Music Composed by Dario Marianelli with Piano by Víkingur Ólafsson
23 January 2018 (Toronto, ON) – The official soundtrack to the six-time Oscar nominated film, Darkest Hour, is available now via Deutsche Grammophon/Universal Music Canada, the country’s leading music company. Featuring Gary Oldman as Winston Churchill, Joe Wright’s Darkest Hour is a commanding cinematic depiction of the weeks leading up to the Dunkirk evacuation. Key to the film’s original score, written by multi-award-winning composer Dario Marianelli, is its piano writing. Pianist Víkingur Ólafsson plays a central role in conveying Churchill’s restless and driven spirit. Listen to the official soundtrack HERE.
The film deals with the story of a nation threatened with extinction and the leader who inspires its people. With the energy of an action thriller and the tension of a suspense film, it is the story of a 66-year-old politician only recently recalled from the fringes of power. Winston Churchill is set to capture the imagination of a new generation with his mix of public fortitude and private doubts. Ólafsson’s charismatic performance on Dario Marianelli’s original score adds to the compelling drama of Darkest Hour.
In the early summer of 1940, Britain faced the prospect of defeat by Nazi Germany. Writer George Orwell noted in his diary that people were unwilling to accept that “the invasion of England may be attempted within a few days.” “They will,” he continued, “grasp nothing until the bombs are dropping.” One man did grasp the situation. Winston Churchill, appointed Prime Minister at the beginning of May, had stood resolutely against German rearmament for many years against the majority view of the House of Commons. Reaction to his appointment, as Wright’s film shows, was generally hostile and rarely supportive.
“There was a denial at play, given Hitler’s invasion of western Europe in May 1940,” observes Ólafsson. “In our darkest hours we lie to ourselves and hope that things will be OK. But sometimes they’re not OK. The score to Darkest Hour is rich in its piano writing but it’s also one of the most minimalistic soundtracks Dario Marianelli has created. The music expresses what Joe Wright wanted to say about Churchill’s state of mind.” The director suggested to Marianelli that Ólafsson might take part in the project after he had heard Víkingur’s critically acclaimed Philip Glass solo album for Deutsche Grammophon. “Joe wanted the piano to provide motoric rhythms and a clarity to symbolize Churchill’s mental energy and inner drive. I was so impressed to hear that from him and by his total involvement in every aspect of this Gesamtkunstwerk.”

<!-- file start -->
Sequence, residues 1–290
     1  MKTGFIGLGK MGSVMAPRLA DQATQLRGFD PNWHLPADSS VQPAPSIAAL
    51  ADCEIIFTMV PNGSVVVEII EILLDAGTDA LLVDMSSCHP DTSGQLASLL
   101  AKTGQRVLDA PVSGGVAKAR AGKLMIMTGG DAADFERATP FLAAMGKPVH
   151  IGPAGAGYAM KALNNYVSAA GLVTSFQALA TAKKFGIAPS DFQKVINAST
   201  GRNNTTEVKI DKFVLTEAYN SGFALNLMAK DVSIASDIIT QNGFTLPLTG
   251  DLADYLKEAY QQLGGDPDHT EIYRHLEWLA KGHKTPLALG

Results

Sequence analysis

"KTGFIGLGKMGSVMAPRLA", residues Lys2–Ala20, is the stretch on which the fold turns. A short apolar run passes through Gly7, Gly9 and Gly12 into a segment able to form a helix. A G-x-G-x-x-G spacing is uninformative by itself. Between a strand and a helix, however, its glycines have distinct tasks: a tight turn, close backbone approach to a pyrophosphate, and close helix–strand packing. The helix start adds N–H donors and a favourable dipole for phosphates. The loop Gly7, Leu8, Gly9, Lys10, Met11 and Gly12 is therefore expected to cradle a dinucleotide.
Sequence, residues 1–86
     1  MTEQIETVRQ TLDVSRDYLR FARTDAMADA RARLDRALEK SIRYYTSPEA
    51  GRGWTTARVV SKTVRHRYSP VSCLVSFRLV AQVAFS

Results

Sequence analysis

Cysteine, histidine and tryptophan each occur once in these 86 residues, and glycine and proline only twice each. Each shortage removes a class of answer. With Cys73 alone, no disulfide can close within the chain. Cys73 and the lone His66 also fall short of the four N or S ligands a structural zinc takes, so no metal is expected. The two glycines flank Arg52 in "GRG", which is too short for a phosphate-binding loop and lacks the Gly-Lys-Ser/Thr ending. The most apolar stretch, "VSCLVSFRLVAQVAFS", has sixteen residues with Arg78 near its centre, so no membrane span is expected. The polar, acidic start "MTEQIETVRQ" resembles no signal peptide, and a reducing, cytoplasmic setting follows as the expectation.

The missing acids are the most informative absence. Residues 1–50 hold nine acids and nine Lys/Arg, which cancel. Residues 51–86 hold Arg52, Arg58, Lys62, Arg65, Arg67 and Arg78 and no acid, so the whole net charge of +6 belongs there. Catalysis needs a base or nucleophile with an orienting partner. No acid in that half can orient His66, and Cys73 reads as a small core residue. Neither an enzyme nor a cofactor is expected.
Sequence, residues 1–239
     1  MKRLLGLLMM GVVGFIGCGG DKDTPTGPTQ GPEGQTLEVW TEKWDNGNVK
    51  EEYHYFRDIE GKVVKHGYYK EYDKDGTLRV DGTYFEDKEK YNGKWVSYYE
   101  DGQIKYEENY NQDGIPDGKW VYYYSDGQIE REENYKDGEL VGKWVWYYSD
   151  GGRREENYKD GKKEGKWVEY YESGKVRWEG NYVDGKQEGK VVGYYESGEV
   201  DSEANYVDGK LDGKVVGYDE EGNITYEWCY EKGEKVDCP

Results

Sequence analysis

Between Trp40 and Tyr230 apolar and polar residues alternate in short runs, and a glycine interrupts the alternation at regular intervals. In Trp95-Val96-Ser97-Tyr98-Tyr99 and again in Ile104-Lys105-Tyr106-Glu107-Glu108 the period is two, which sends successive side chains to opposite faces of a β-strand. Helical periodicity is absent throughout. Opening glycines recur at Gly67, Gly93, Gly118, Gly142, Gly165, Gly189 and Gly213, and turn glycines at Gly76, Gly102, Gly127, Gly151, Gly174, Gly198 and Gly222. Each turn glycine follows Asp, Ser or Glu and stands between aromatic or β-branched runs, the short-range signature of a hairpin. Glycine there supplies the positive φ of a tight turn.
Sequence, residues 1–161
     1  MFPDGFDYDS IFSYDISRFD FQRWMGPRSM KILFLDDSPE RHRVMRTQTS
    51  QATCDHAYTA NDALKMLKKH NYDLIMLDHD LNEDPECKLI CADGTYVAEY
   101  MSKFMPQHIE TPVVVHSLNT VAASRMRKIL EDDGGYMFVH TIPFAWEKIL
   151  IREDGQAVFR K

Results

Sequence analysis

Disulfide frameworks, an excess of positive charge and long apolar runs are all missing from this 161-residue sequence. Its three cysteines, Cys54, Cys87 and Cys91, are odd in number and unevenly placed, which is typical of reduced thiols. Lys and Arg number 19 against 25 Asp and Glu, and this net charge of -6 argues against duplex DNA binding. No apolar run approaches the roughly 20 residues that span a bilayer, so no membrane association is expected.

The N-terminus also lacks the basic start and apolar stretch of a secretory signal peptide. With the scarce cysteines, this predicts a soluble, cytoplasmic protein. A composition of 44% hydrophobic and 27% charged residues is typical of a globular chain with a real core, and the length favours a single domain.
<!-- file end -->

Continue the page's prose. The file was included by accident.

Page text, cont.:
Ólafsson’s innate curiosity led him to accept the composer’s invitation to perform on the soundtrack. He admits, however, that he had reservations about being part of a major film project. “It was outside my comfort zone to record a movie soundtrack, but your curiosity will go if you don’t step out of that zone. It was very moving to hear Gary Oldman’s remarkable delivery of Churchill’s ‘We shall fight on the beaches’ speech to the House of Commons in my right headphone and to match Dario’s rising and falling arpeggios to the rise and fall of his voice. I felt quite united with Oldman and, through him, with Churchill. Those were special and surreal moments – I felt like I was playing a part in defeating Hitler!”
Wright, recalls Ólafsson, brought smart insights to the score’s interpretation. The tense scene between Churchill and George VI, for example, is accompanied by Marianelli’s Schubertian “Winston and George”. “I played it as if it were Schubert’s Second Piano Trio, in a free, rhapsodic style,” says Ólafsson. “Joe said, ‘That’s great, but it should be more awkward, more formal.’ He wanted to emphasize the formality of the conversation between the office of Prime Minister and the Crown. I was very impressed by this depth of detail. I’m so happy I agreed to record Dario’s music. It was a gift for me to gain insight into how a big-budget film works when done at the highest level of creativity and imagination. Now I see movies differently!”
Marianelli underlines the value of the creative collaboration between director, composer, and pianist. “One of the great pleasures of working on this score was to discover Víkingur Ólafsson’s transparent and soberly poetic playing,” he notes. “He reminds me of Arturo Benedetti Michelangeli: the joy of savouring every single note he plays. Víkingur was the perfect team player.”
Embedded in the soundtrack is a significant wartime musical quotation. In 1941, the BBC began using the first four notes of Beethoven’s Fifth Symphony – often interpreted as fate knocking at the door – to introduce the broadcasts made to occupied Europe by news editor Douglas Ritchie (using the pseudonym “Colonel Britton”) after it was realized that they echoed the Morse Code signal for the letter V: three dots and a dash. Both this musical motif, solemnly tapped out on timpani, and Winston Churchill’s emblematic two-fingered salute were part of the “V for Victory” campaign. Dario Marianelli notes how his father heard the BBC radio drum strokes as a child. “Many Italians would listen to the BBC war bulletins to get some news that bypassed the official ‘truth’. It has to count as one of the most brilliant examples of British wit, irrepressible even in their darkest hour.”

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